The ability to control the position of enemies on the battlefield is one of the key features of the spellcasting classes, as you can use magic to lock your opponents into place while your allies fill them with arrows. One of the most effective ways to trap opponents in the third edition of Dungeons & Dragons is with the transmute rock to mud spell. The spell turns all unworked ground into wet mud, which has a depth of ten feet.
The most effective use of transmute rock to mud is to cast it, then have one of your allies cast dispel magic in the same turn. If they are successful, then the enemy will be trapped in the ground. If your ally can't use dispel magic, then you can cast it yourself on the following round, as you can automatically dispel your own spells without needing to make the check, but this gives the enemy a chance to escape while the mud is still wet.
14 Reduce & Web Can Trap Enemies Like Flies
Spiders have long been the bane of adventuring parties, due to their poisonous bite and ability to trap party members in thick webs. The web spell allows a player to trap enemies within a magical web of their own, which can be even more effective when combined with another spell.
If you cast reduce on an enemy and then trap them in a web, then they are one saving throw away from being screwed over. If they fail their initial Dexterity saving throw, then they become restrained and will have disadvantage on further Dexterity checks to escape. Normally, a trapped enemy could make a Strength check to escape, but the effects of reduce gives them disadvantage on that check. The combination of two low-level spells can incapacitate some of the nastiest solo enemies in the game.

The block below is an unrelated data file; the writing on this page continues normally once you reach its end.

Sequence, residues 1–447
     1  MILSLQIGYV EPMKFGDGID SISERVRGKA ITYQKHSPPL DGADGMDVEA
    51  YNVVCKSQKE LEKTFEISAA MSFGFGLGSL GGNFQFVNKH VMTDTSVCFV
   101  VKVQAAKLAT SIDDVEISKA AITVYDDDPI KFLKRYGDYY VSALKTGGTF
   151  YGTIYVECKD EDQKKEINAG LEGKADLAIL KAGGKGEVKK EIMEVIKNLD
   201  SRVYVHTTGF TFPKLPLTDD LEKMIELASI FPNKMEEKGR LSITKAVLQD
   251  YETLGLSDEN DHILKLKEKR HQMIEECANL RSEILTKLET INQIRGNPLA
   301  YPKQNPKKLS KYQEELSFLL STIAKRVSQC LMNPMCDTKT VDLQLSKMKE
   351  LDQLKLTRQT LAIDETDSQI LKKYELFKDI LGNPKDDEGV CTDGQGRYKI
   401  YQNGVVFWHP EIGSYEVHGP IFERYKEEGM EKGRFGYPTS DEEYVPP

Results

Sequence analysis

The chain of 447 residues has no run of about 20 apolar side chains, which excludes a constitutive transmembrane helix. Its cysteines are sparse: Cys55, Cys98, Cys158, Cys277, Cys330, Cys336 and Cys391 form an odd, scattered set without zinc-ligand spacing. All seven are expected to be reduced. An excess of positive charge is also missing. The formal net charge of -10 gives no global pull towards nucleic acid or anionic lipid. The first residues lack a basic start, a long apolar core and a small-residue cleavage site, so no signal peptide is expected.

13 Tenser's Floating Disk Can Be Used As Portable Cover
One of the most annoying tricks a dungeon master can pull on a party involves including a treasure that is too heavy to lift, such as a statue. It's for this reason that many players seek out a bag of holding or portable hole, as it allows them to bypass the annoying encumbrance and carrying load rules.
The Tenser's floating disk spell is intended to allow a magician to carry more gear out of a dungeon, as it creates a floating disk that can carry up to one hundred pounds of weight. One of the best alternative uses for a Tenser's floating disk spell is to use it as cover. You could stack several shields on the disk in order to provide cover from archers, which will make it harder for your party to be hit from certain angles, especially if you have the capacity to create multiple disks.
12 Wall Of Force Is One Of The Best Trapping Spells In The Game (If You Can Afford It)